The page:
"I'm pretty much a down to earth guy. I work hard. I think that tends to rub people the wrong way. It's not that I ignore them but I am focused on what I have to accomplish on behalf of the citizens of Baltimore County and that's with children not adults with their own attitudes and personalities."
Legislators have complained that Hairston is difficult to work with and some times unresponsive to their concerns. Teachers and education activists have criticized Hairston over the controversial grade and achievement-tracking program commonly known as AIM. Others have raised concerns about the appropriateness of increasing the number of administrative staff, including a new deputy superintendent who is paid $214,000 while 200 teaching positions were being eliminated.
When asked if there was any specific criticism that he felt was unfair, he replied:
"Just about everything you see in print," Hairston said, adding later that there were no criticisms he ever thought had merit or changed his way of doing anything.
The audience, made up mostly of school board members, school system employees and supporters of Hairston laughed.
Hairston said the personal attacks "aren't that unusual for me."
"Some times you try to take the high road and not react to it and then you hope it will go away and the next thing you know they hit you again and they just keep coming and coming," Hairston said, adding that he had a similar experience as superintendent in Georgia.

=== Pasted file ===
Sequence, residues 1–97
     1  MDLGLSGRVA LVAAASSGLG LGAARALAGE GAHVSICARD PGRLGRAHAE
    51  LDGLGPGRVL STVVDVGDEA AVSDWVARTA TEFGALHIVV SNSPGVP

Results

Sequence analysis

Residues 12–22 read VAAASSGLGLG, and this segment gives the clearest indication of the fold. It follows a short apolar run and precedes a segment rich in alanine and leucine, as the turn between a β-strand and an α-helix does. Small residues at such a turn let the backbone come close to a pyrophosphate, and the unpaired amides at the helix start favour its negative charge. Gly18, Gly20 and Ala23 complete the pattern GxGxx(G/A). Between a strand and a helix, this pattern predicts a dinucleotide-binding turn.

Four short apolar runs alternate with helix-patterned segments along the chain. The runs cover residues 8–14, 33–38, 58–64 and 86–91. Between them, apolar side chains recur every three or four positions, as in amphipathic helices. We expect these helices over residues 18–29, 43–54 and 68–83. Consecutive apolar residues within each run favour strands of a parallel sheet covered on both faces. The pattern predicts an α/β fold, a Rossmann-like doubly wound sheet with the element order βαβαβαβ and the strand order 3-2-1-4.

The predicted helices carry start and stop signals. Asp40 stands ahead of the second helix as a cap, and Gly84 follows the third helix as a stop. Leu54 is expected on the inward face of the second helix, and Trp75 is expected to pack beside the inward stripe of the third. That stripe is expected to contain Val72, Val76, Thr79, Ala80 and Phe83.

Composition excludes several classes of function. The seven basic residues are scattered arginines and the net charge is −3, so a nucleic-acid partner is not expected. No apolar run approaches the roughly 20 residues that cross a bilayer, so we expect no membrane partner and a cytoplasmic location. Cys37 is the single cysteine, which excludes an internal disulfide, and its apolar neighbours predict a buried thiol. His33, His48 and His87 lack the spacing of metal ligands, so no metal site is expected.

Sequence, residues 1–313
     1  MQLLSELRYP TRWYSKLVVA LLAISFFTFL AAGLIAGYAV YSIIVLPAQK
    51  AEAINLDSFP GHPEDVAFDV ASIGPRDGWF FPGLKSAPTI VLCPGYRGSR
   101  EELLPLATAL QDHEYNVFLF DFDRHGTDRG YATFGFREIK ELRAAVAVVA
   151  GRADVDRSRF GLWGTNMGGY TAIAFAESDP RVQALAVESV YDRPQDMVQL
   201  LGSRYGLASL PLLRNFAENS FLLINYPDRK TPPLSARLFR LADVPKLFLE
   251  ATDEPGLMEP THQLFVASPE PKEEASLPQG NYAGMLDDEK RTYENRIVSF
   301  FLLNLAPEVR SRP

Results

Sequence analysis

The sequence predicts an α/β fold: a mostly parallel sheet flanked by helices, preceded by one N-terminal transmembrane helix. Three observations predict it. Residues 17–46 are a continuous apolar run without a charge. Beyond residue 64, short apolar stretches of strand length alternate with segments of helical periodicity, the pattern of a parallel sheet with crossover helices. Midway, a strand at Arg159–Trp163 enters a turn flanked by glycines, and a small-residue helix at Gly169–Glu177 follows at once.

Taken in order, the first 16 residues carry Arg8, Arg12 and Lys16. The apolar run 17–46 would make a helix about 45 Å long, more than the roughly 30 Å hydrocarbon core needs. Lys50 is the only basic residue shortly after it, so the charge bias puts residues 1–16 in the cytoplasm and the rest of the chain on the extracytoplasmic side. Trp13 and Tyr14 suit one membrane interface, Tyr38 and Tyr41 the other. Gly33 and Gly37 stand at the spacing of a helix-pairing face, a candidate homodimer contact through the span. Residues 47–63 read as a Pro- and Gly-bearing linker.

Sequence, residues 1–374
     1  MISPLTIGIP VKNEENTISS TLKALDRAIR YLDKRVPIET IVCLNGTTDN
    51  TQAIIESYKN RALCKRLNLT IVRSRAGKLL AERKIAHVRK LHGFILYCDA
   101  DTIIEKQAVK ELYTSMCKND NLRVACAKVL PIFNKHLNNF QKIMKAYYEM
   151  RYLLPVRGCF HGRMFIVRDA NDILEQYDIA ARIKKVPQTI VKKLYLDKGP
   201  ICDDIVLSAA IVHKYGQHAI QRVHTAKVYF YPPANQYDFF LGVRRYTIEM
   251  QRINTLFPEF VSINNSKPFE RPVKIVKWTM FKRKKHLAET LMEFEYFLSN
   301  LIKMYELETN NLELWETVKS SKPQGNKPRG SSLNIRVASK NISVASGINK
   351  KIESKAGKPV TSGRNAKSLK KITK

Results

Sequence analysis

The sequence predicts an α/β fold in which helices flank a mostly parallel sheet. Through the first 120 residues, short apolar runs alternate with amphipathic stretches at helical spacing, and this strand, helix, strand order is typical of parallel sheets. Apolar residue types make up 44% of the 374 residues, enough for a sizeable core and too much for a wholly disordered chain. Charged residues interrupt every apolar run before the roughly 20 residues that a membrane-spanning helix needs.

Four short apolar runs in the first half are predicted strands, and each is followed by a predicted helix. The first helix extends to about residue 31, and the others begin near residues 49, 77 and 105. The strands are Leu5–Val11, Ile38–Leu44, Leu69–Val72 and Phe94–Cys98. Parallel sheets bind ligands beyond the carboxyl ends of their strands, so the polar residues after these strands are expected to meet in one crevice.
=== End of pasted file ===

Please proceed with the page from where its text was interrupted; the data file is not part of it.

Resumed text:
"I went through something very similar there because they spend more energy trying to discredit my presence and the purpose for me being there as much as acknowledging the fact that we were trying to get something done for children," Hairston said.
He added that the board that hired him to run the county school system "told me you're going to be dealing with the same kind of thing when you come to Baltimore County. Because we're dealing with change, we're dealing with cultural attitudes. The only difference is Baltimore County is much more sophisticated. Certainly more diverse."
When asked if he thought there was racism in Baltimore County he held up a copy of Antero Pieteila's book Not in My Neighborhood and exclaimed: "Chapters 14, 15 and 16. Read it. Are you reading this?"
Hairston said he leaves with his head high because of a long list of accomplishments. Listed among those are the highest graduation rate for African American males in school systems with at least 100,000 students; over 50 percent of county high schools are in the top seven percent in the country; and a technology partnership with Northrup Grumman and Lockheed Martin.
"Our students do not look at themselves as different," Hairston said. "They are all Baltimore County students and that is why we have been able to close the achievement gap."
Hairston said his core values enabled students and educators in the county to succeed.
"I model the human condition," Hairston said. "I have no enemies that I make. People want to make me their enemy because I am uncompromising in integrity. I am uncompromising in my core values. I am uncompromising in my personal commitment to serve the citizens of Baltimore County on behalf of the children."
When asked about recent reported dips in graduation and SAT rates along with a slight increase in the dropout rate, Hairston attributed those statistics to changes in reporting.
"Changing calculation, plain and simple," he said. "Nothing unique about that at all. The way it was calculated, the way we report it, the formula has changed."
He brushed off a reporter's attempts to challenge his assertion.
"You go to where you need to go to deal with that," he said, answering the last question of the news conference. "I'm not here to debate the issue."